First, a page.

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15 May 1980
The Seventies 
by Christopher Booker.
Allen Lane, 349 pp., £7.50, February 1980, 0 7139 1329 0
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The Seventies 
by Norman Shrapnel.
Constable, 267 pp., £7.50, March 1980, 0 09 463280 4
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... if any) leg to show, a midi and maxi mix-up relieved by desperate forays into hot pants and other extreme styles varying from the aggressively “butch” to the coyly sexy.’ So there you have it. ChristopherBooker, to whom I shall come in a moment, goes further, and means it more seriously: ‘Two unfailing barometers of cultural optimism in our century have been the height of buildings and the height ...
2 December 1982
The ‘Private Eye’ Story: The First 21 Years 
by Patrick Marnham.
Private Eye/Deutsch, 232 pp., £7.95, October 1982, 0 233 97509 8
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One for the Road: Further Letters of Denis Thatcher 
by Richard Ingrams and John Wells.
Private Eye/Deutsch, 80 pp., £2.50, October 1982, 9780233975115
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Sir James Goldsmith: The Man and the Myth 
by Geoffrey Wansell.
Fontana, 222 pp., £1.95, April 1982, 0 00 636503 5
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... a history of the Eye, written by a long-term staffer of the Eye and co-published by the Eye. Reviewers? Auberon Waugh in the Daily Mail; John Wells twice, once in Harper’s and once in the Times; ChristopherBooker in the Spectator; Malcolm Muggeridge in the Daily Telegraph; Candida Lycett-Green (who was in love with Ingrams at Oxford, speaks adoringly of him in this book, and once worked for the Eye) in ...

At the V&A

Jeremy Harding: 50 Years of ‘Private Eye’

15 December 2011
... Private Eye, £25). The in-house author Adam Macqueen recycles many of the good old stories and tells us much about the comings and goings at the magazine. The book is good on editorial tiffs. How ChristopherBooker, the original editor, was fired while on holiday in 1963; how he went on, in 1976, to lay into the Eye just as Goldsmith, who had issued 63 writs against the magazine and its distributors and ...

Diary

Christopher​ Hitchens: Keywords

13 September 1990
... were to be found in that odd cluster made up by the Union, the Church of England, the traditional county boundaries and the struggle for a legible and intelligible architecture. People tell me that ChristopherBooker is the real intellectual and moral influence upon the Prince of Wales; if so, a version of the Spectator ethos may become semi-regnant in the thinkable future. Partly because of its historic ...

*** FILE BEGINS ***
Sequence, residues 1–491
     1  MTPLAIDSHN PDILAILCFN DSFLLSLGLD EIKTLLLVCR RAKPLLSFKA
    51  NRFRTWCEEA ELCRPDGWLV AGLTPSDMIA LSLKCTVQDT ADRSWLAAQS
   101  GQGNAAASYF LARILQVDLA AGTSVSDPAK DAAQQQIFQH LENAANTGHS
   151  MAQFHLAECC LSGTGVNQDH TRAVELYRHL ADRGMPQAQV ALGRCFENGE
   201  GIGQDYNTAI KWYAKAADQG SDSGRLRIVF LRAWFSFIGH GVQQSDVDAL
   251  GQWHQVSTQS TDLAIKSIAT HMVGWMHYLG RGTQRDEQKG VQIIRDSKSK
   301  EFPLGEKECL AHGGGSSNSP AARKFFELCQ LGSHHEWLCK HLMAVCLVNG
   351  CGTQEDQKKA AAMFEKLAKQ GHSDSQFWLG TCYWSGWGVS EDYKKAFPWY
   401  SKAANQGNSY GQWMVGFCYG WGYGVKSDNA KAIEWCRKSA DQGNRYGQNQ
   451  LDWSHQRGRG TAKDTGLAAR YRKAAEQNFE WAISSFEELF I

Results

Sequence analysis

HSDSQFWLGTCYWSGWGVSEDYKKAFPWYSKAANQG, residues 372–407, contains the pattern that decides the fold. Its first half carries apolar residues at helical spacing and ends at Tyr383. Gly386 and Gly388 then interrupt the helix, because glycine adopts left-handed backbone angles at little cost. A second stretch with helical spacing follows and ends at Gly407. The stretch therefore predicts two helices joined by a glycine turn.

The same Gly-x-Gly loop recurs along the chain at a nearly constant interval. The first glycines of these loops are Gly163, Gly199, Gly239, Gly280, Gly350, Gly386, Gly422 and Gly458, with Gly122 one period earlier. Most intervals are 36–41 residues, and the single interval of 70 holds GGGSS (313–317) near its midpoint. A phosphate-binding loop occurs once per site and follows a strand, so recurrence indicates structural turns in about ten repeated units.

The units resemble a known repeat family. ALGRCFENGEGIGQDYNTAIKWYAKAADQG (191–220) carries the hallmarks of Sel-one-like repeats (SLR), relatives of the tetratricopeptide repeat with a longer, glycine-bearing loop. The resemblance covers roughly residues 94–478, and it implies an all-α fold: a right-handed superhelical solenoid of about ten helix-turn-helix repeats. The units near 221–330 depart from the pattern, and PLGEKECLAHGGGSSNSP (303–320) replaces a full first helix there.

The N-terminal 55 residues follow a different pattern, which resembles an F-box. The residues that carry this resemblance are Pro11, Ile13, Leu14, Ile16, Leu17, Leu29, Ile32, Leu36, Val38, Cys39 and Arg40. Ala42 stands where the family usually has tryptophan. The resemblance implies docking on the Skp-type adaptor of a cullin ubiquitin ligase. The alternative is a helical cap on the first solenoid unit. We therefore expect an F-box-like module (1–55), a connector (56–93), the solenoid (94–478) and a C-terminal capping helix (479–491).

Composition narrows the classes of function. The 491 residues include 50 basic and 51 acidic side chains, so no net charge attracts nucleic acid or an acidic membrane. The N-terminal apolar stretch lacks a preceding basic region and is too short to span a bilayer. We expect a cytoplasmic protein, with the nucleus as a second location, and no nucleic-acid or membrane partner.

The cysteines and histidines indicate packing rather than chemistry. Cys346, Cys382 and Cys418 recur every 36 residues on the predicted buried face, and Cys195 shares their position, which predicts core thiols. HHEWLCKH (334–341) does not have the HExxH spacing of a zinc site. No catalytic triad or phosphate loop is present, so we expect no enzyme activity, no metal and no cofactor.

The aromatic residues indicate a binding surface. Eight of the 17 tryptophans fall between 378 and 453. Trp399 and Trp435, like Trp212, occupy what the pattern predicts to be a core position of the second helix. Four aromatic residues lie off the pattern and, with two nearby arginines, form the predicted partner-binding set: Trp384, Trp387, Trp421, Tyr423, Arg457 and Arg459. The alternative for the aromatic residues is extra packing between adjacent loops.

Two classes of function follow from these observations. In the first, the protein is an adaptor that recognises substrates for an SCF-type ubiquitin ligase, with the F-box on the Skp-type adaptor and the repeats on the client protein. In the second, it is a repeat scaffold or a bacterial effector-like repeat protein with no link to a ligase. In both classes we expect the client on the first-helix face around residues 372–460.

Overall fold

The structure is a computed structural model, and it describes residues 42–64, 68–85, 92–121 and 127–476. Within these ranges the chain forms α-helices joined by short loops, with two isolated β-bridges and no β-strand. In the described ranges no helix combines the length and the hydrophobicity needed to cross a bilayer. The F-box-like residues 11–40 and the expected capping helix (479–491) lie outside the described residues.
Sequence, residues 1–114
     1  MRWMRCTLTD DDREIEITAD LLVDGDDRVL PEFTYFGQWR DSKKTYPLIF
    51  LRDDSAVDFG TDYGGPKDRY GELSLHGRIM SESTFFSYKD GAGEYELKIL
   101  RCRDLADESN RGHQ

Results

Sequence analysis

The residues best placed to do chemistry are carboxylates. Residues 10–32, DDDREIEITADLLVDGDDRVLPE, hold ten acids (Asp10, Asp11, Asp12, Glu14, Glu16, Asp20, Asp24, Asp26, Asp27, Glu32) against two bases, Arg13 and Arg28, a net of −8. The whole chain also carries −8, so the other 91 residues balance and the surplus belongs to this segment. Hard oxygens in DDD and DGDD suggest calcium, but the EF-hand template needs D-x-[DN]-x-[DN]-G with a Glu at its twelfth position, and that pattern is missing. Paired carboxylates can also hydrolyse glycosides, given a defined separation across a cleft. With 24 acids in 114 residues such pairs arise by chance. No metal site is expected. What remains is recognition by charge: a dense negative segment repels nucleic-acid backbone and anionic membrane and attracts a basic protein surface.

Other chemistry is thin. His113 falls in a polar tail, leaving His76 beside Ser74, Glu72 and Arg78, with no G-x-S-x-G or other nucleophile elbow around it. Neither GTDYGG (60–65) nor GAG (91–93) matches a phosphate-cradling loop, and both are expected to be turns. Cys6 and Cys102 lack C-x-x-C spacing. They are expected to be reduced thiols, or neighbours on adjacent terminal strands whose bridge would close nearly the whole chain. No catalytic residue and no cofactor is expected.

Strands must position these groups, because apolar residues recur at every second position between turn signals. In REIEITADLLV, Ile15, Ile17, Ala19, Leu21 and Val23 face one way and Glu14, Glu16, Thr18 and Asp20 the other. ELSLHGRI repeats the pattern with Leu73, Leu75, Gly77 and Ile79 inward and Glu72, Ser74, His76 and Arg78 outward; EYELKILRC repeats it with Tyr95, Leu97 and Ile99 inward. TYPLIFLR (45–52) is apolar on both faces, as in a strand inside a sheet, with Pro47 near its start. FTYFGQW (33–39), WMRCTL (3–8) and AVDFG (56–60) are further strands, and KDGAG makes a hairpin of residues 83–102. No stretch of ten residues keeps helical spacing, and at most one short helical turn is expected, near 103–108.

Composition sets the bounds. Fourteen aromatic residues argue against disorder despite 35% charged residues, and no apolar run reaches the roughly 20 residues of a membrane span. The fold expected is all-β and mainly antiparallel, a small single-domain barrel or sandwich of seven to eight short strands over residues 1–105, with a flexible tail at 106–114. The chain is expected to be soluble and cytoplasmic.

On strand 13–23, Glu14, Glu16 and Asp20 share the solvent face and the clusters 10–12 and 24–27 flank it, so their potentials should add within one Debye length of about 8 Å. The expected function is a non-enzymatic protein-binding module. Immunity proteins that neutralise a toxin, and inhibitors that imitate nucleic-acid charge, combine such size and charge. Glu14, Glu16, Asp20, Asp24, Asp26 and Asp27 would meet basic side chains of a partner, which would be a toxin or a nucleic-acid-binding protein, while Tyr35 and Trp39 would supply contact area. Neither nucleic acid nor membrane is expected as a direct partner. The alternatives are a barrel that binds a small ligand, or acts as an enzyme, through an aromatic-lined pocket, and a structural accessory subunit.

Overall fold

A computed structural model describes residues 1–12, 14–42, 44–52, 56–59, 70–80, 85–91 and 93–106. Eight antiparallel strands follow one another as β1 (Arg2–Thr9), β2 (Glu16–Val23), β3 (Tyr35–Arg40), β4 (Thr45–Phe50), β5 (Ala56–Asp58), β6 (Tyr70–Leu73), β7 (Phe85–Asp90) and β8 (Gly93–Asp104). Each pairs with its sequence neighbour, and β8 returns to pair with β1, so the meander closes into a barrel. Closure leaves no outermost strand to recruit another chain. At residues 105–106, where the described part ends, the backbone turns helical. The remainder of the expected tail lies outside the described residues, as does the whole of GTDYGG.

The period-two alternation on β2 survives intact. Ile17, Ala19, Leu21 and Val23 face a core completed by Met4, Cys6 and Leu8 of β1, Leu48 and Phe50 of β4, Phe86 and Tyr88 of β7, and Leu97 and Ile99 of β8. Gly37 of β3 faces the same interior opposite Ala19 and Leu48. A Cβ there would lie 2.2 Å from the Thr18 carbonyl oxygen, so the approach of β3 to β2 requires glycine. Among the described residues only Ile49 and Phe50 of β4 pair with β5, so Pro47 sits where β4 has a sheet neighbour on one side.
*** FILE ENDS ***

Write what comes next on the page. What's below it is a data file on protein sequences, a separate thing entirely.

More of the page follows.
Bad Habits

Basil Davidson

27 June 1991
The Repatriations from Austria: The Report of an Inquiry 
by Anthony Cowgill, Lord Brimelow and Christopher Booker.
Sinclair-Stevenson, 367 pp., £19.95, October 1990, 1 85619 029 3
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Cossacks in the German Army 1941-1945 
by Samuel Newland.
Cass, 218 pp., £30, March 1991, 0 7146 3351 8
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Eyewitnesses at Nuremberg 
by Hilary Gaskin.
Arms and Armour, 192 pp., £14.95, November 1990, 1 85409 058 5
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... prisoners, whether made by commanders in the field or by the senior British political figure there, Harold Macmillan, has deserved severe and even legal censure. The purpose of the Cowgill-Brimelow-Booker volume is to lay bare the real circumstances of the hand-over, and thereby to exonerate from taint of guilt those who made it. This is done with what seems to me a laudable prudence and convincing ...

Boulevard Brogues

Rosemary Hill: Having your grouse and eating it

13 May 1999
Girlitude: A Memoir of the Fifties and Sixties 
by Emma Tennant.
Cape, 224 pp., £15.99, April 1999, 0 224 05952 1
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... and eat it’ and she is hurt, which is understandable. But given this vulnerability to ridicule her next attempt at marriage was foolhardy, for in Chapter 9 she reveals: ‘I Married a Satirist.’ ChristopherBooker, her second husband, enables her to be part of the satire boom, and its ‘sudden, unblinking stare at reality’. Private Eye, Christine Keeler, That Was the Week that Was all duly happen ...

The Other Half

Robert Melville

4 July 1985
Kenneth Clark: A Biography 
by Meryle Secrest.
Weidenfeld, 310 pp., £12.95, September 1984, 9780297783985
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... he was very unhappy there, they would have thought it very unmanly of him to complain, so it’s not altogether surprising that it was Alan Clark who drew Ms Secrest’s attention to a review by ChristopherBooker of his father’s thoroughly disappointing second volume of autobiography, The Other Half. Booker wrote: ‘As the picture of a man who to the end has never dared face up to “the other half ...

Short Cuts